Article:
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How is pain associated with pelvic mesh implants measured? Refinement of the construct and a scoping review of current assessment tools.

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Aspell, Jane E 
Lee, Michael C 
Thiruchelvam, Nikesh 


BACKGROUND: Recommendations for the management of pain related to pelvic mesh implants are still under development. One limitation that has impeded progress in this area is that mesh-related pain has not been consistently defined or measured. Here, we reviewed the ways in which pain associated with pelvic mesh implants has been measured, and mapped the ways in which these existing measures capture the construct. METHODS: First, we reviewed existing accounts of the pain associated with pelvic mesh implants to develop a multifaceted construct definition, which includes aspects related to pain intensity, timing, body location, phenomenological qualities, impact/interference with daily living, and patient expectations and beliefs. Next, we reviewed the ways that the construct has been measured in the extant literature. RESULTS: Within 333 eligible studies, 28 different assessments of pain associated with pelvic mesh were identified, and 61% of studies reported using more than one measurement tool. Questionnaire measures included measures designed to assess urological and/or pelvic symptoms, generic measures and unvalidated measures. We did not identify any validated questionnaire measures designed to assess pain associated with pelvic mesh implants. The phenomenological, location, and expectation/belief components of the construct were not captured well by the identified questionnaire measures, and there is no evidence that any of the identified measures have appropriate psychometric properties for the assessment of pain related to pelvic mesh implants. CONCLUSIONS: We recommend further qualitative research regarding women's experiences of pelvic mesh-related pain assessment, and the development of a condition-specific patient reported outcome measure.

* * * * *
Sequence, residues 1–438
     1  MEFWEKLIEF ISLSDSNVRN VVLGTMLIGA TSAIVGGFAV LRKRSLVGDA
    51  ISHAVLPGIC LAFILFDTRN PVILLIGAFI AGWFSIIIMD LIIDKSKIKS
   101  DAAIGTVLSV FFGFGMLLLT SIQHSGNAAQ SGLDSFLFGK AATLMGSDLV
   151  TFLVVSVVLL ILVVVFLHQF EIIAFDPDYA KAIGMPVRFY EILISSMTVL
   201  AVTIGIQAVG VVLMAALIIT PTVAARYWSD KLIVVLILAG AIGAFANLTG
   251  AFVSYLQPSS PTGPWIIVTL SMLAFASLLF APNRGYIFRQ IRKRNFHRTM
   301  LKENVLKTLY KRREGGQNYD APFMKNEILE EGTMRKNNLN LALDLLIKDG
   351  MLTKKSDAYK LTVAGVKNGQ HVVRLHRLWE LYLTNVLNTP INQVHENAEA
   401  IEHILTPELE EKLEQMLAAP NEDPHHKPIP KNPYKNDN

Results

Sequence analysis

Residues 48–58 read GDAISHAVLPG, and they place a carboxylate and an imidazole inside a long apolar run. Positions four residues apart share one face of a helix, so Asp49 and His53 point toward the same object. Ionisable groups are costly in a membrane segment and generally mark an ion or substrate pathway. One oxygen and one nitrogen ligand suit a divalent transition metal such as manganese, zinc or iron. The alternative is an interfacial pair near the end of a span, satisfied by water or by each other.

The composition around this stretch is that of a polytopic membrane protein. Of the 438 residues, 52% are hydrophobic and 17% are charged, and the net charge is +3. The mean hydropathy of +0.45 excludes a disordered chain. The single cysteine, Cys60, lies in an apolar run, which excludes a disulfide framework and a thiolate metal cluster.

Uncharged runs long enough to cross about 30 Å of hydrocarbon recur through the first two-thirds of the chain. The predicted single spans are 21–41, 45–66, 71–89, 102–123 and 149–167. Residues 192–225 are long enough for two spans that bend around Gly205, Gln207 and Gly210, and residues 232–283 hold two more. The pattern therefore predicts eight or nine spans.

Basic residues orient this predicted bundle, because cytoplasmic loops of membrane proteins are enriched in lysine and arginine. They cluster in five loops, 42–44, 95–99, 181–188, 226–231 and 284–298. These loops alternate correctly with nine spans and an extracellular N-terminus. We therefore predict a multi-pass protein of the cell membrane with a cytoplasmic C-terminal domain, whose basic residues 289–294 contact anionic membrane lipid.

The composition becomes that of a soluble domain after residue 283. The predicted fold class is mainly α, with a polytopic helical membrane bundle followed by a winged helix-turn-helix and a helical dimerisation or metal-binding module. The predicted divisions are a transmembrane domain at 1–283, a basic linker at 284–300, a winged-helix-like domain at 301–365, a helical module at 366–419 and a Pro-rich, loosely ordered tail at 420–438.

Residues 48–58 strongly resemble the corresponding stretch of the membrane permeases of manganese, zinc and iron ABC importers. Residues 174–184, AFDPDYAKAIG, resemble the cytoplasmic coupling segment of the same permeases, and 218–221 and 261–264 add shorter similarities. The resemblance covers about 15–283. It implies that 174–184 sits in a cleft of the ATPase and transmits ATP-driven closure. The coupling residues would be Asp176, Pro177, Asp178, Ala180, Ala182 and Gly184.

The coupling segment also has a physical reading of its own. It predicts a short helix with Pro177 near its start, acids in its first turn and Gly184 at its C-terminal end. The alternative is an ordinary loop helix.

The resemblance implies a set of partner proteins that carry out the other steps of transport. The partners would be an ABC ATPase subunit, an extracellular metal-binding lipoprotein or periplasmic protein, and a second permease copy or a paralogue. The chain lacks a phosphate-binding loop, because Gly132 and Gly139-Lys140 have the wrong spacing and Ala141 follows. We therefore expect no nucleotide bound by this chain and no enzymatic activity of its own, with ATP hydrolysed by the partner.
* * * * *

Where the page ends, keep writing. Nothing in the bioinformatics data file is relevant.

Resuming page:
Funder: The Urology Foundation


Assessment, Pain, Pelvic mesh, Pelvic organ prolapse, Psychometric, Stress urinary incontinence, Female, Gynecologic Surgical Procedures, Humans, Pelvic Organ Prolapse, Pelvic Pain, Surgical Mesh, Surveys and Questionnaires, Treatment Outcome

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BMC Womens Health

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Springer Science and Business Media LLC